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Frequently Asked Questions

Can I still go to work and be a foster carer? Why are children and young people fostered? What checks will be carried out? What are the different sorts of fostering? These are all questions that you might want to know before becoming a foster carer. Here are some of the answers – if you can’t find what you are looking for give us a call or email and we will do our best to answer it for you.

What is the difference between fostering with an IFA (independent fostering agency) or with a local authority?

5Fostering is an IFA, working in partnership with the local authorities, to provide fostering placements to our carers. We work with a range of different Local Authorities and offer an intimate service, 24hour support and aim to build a personal, positive relationship with every one of our carers.

Alternatively, to local authorities, IFA’s are able to offer tailored training, be flexible and take on board every carer’s feedback and be pro-active in making any changes that suit and benefit the carer. The financial benefit for those fostering with an IFA also tends to be more generous.

What checks are carried out on me to become a foster carer?

DBS (Disclosure Barring Service) Form F – an assessment form as part of the approval process to discover what sparked your interest towards fostering. References, medical, identity and previous employment checks

What is the allowance for fostering?

You will be given a generous fixed remuneration on a fortnightly basis. The weekly allowance is intended to cover general day to day living costs such as food, clothing, basic travel, household bills, and also social activities and school trips.

The amount you will receive will also cover a reward element for you as a carer, in recognition for the demands of the fostering role. The specific amount will be discussed with you nearer the time, as it will vary depending on the type of placement or whether you foster for short-term, long-term or respite care.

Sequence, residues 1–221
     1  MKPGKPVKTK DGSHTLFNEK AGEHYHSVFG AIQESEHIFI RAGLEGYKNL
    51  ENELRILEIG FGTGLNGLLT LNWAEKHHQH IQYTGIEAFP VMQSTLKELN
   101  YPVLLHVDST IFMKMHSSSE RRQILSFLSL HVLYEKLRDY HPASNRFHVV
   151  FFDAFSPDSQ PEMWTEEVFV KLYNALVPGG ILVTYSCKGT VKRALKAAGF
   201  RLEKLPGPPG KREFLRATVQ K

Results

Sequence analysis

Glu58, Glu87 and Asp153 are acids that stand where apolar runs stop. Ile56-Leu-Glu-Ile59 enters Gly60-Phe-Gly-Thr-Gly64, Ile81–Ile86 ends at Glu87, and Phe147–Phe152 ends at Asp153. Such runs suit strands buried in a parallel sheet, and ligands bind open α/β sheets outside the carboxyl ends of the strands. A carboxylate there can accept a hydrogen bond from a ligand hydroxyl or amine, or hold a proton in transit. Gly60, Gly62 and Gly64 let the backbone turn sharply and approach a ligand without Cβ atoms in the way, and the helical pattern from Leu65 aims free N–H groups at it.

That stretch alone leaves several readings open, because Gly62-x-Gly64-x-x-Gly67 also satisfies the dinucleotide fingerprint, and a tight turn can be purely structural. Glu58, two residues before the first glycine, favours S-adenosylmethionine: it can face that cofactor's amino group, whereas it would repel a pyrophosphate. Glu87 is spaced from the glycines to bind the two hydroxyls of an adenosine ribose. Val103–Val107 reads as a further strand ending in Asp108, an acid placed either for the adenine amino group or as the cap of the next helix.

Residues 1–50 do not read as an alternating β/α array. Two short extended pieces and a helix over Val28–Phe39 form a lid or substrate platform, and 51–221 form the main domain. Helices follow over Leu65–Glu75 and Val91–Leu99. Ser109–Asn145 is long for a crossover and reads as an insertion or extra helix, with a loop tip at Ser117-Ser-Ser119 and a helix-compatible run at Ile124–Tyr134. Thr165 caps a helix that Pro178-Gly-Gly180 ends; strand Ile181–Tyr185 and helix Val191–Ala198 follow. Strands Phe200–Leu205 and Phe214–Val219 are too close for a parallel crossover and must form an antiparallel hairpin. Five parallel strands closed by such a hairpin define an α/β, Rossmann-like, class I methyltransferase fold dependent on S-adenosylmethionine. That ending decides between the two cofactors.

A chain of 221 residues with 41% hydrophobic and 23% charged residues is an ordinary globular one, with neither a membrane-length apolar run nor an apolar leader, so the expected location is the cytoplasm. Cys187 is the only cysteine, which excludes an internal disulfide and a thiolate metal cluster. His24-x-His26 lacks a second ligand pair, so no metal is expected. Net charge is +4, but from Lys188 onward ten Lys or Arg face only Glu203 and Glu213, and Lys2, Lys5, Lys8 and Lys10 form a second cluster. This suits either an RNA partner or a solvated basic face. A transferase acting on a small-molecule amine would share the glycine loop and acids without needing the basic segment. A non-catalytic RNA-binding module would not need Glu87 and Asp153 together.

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Will my allowance be taxed?

Our carers work on a‘self employed’ basis and receive very favourable tax treatment on income derived solely from fostering (the pay you will receive as a reward element). Please visit HMRC ( for further information on the ‘Qualifying amount’ tax scheme for fostering.

What is the difference between fostering and adoption?

Fostering is when a child or young person is placed with another family until they are of adult age and able to live independently or return to their birth family. Foster carers are remunerated for the care they provide.

Adoption is different as the ‘parental responsibility’ is completely passed over to the new adopted parent/s. Therefore, the child legally becomes their own and they are not paid to care for that child.

Why are children and young people fostered?

Children and young people need to be fostered; either because their parents feel they are unable to take care of them, or a judge has decided this for them. It can predominantly be one or more of the following reasons; neglect (the most common by far), or abuse that was; emotional, physical or sexual.

What are the children and young people like who come into care?

‘Worried, anxious, sad, angry, confused, lonely, guilty and homesick’ are a few terms which have been attributed to children and young people coming into care. Once they feel settled, safe and supported in a loving and caring family environment, you can become very proud of their incredible progress and achievements throughout their time living with you.

How would fostering affect my family?

As with any new arrival, it is important that all of the family including your own children are happy and comfortable. The aim is for them to relish the idea of a new member and to be one of the greatest helpers in the new fostering setting. There is so much the child or young person will learn from them and they will learn a great deal too.

How much will I know about the child/children before they are placed with me?

We will discuss each child and young person with you in detail and try to provide you with as much information as possible. In cases where a placement may be an emergency situation, the information we gain may be brief, but we will endeavour to give you everything all the information we have.

Can I still go to work and be a foster carer?

Yes. However, it is best that at least one parent is home or available all of the time. This could mean that you work from home and are able to be available at short notice.

What are the different sorts of fostering?

There are lots of different types of fostering from fostering children with disabilities, short term, long term, emergency placements and parent and child arrangements.